Mental Fatigue and Combating Burnout

I’m exhausted. I’m exhausted all the time. As a college woman, this is normal for me. As college women, we live in a culture that consistently asks us to perform at our best all the time. We are expected to be “on” all the time. Once the newness of the semester starts to wear off, mental fatigue hits really hard. We burnout quickly.

 

Burnout is basically when you reach mental or actual physical collapse from having too much stress, or overworking yourself. On a small scale, it’s the feeling you get when you have a long day at school, walk home, throw your backpack off on the floor and slump down on the couch.

 

We normally talk about burnout in our careers. We use it interchangeably with career boredom and stagnation in some conversations. This conversation needs to be applied to college life too. Prolonged training for careers creates the same stress on students as working in the industry. Couple that with classes, part-time jobs, student organizations, and it’s not wonder that when you ask a student how they’re doing, the most common response is “tired.”

 

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Burnout is more than just being tired. It’s a feeling of exhaustion, depression, and cynicism due to being in a stressful situation for a long period of time. When in a state of chronic stress, we feel that we are not able to accomplish anything. Like our actions are ineffective, and we’d be better off just not even starting that next project.

 

You can recognize burnout by an overwhelming feeling of being tired all the time, yet somehow having trouble falling asleep, having trouble focusing or remembering things, having headaches, getting sick more frequently than normal, or from feelings of depression, anxiety, or anger. Remember to always visit a doctor if you experience symptoms that are out of the ordinary.

 

Our social lives and self-worth are also affected. For instance, we may not have any fun doing some of our favorite hobbies, we may feel alone, despite choosing to isolate ourselves from our friends, you feel bitter and cynical, and overall detached from your world. These are signs that you are reaching a state of mental fatigue and that you need to take a deep break.

 

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Overcoming burnout is not such an easy task, since so many of the causes are a part of the college lifestyle. Mostly, it’s tied into self-care and learning to say no to extra stressors.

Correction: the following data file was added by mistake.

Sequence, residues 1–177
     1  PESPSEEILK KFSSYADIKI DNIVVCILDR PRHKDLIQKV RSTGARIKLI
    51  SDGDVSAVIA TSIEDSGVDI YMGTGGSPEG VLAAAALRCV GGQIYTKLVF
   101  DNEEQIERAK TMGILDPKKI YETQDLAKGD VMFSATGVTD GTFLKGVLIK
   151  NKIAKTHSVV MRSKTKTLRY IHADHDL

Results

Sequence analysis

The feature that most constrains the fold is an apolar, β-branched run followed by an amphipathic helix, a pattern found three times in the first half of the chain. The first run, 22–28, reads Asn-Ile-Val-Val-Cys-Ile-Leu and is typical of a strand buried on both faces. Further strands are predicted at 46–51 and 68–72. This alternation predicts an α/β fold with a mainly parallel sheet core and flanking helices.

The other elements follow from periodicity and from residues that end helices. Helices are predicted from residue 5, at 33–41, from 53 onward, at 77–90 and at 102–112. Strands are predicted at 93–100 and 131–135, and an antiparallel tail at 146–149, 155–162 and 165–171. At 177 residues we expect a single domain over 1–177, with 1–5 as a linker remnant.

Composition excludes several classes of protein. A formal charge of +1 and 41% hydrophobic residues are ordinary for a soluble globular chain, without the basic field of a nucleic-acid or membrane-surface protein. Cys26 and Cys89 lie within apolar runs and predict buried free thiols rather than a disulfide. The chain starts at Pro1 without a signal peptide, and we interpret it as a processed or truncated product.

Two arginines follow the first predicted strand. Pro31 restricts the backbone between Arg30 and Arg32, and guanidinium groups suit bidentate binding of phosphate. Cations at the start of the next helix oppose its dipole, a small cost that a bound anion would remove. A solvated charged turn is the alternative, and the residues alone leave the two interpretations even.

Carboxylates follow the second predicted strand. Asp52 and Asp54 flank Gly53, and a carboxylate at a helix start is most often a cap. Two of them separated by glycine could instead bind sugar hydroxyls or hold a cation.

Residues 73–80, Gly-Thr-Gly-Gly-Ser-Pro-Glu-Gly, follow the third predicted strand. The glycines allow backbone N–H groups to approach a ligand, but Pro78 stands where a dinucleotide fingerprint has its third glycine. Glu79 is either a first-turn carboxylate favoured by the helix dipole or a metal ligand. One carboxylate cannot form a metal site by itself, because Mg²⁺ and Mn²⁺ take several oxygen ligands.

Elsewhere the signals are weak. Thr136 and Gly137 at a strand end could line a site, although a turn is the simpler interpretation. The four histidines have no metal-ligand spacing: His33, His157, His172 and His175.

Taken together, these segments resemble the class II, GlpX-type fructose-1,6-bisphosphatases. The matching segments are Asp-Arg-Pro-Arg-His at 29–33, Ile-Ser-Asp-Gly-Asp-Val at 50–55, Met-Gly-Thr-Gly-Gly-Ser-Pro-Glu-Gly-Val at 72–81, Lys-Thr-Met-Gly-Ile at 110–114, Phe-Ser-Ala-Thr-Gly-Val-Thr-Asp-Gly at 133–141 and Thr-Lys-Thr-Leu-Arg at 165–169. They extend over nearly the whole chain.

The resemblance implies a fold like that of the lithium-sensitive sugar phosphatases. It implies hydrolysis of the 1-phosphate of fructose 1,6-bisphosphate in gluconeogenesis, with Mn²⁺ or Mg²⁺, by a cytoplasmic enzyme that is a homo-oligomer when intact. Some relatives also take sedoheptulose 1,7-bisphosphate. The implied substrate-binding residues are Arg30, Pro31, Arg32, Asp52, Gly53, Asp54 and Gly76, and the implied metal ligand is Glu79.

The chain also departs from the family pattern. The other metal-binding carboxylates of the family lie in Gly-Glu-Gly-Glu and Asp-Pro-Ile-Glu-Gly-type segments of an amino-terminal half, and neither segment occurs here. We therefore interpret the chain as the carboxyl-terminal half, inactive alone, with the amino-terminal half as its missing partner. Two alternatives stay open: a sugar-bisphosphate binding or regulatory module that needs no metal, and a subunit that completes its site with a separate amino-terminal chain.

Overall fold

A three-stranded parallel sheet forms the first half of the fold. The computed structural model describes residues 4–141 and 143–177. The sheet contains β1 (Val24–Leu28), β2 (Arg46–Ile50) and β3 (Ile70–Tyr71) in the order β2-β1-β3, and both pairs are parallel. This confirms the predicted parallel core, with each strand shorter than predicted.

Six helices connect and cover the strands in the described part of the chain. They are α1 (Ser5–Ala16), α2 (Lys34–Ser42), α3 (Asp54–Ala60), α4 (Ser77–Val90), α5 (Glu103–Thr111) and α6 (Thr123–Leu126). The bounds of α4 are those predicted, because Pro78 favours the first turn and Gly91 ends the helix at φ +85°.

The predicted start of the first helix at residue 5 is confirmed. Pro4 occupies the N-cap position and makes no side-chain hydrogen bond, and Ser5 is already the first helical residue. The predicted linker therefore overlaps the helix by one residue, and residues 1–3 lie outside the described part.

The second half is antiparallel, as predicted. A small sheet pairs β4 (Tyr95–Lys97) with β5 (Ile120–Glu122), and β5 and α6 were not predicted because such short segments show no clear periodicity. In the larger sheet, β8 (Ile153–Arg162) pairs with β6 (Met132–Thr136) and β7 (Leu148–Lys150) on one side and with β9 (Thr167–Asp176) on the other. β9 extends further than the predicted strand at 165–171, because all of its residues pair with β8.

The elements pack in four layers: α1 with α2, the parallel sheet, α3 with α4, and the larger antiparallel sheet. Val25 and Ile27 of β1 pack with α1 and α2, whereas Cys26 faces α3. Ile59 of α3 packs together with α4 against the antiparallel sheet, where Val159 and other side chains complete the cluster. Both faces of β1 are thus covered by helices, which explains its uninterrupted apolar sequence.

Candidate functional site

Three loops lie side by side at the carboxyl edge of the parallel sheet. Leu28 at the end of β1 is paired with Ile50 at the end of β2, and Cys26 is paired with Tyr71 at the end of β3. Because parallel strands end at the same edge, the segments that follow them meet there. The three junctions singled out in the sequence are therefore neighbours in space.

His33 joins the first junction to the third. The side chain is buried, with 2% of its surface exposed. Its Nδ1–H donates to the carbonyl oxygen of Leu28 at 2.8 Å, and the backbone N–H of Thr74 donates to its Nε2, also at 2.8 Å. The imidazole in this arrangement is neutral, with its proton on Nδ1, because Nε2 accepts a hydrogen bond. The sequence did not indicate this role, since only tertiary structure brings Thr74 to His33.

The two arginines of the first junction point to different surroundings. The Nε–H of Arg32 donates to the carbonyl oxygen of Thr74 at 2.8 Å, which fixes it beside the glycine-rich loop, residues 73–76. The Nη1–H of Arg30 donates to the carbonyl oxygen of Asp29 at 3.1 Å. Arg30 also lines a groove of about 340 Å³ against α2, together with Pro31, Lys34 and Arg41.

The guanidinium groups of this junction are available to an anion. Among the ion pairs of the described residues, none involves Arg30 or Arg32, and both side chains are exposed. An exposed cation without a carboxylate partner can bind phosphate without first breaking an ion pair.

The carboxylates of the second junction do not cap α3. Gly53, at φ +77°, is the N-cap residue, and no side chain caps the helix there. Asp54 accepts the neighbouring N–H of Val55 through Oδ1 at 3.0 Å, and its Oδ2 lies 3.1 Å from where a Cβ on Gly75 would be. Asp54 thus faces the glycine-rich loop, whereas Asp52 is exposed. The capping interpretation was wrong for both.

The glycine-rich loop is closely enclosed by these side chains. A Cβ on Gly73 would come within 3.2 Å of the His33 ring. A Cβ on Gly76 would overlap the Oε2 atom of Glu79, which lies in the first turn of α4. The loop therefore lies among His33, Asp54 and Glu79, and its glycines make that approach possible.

In the moment the best steps are:

  • Learning to delegate responsibility where you can. Taking time for yourself, and allowing people in your life to help you out. Ask your roommate to help with the dishes, push some of the group project off to the slacker.

  • Schedule yourself personal time. Put it in your g-cal, and respect it. Do not work on school work, career work, or anything. Watch netflix, take a bath, go for a walk, practice your self-care.

  • Get dinner with a friend, or invite them over to watch an old favorite movie. Engage in your relationships, and stay focused in the moment.

  • Stay off social media, email, or anything else that causes anxiety, and a sense of stagnation. Check your grades later.

  • Take a full break. Full stop. Stop. Rest, recharge, and recover before you take on any more stressors.

  • Try new experiences, hobbies, or foods to try to get you out of your rut. (Side note: I tried this last year after finals, and fell in love with calligraphy!)

 

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Burnout is valid. Remember that. If in your college experience you feel life you aren’t making any progress and you are forever tired, take this as an opportunity to scale back and relax before you, well, burnout and like a true star, collapse. Taking a break isn’t lazy, it’s self-improvement.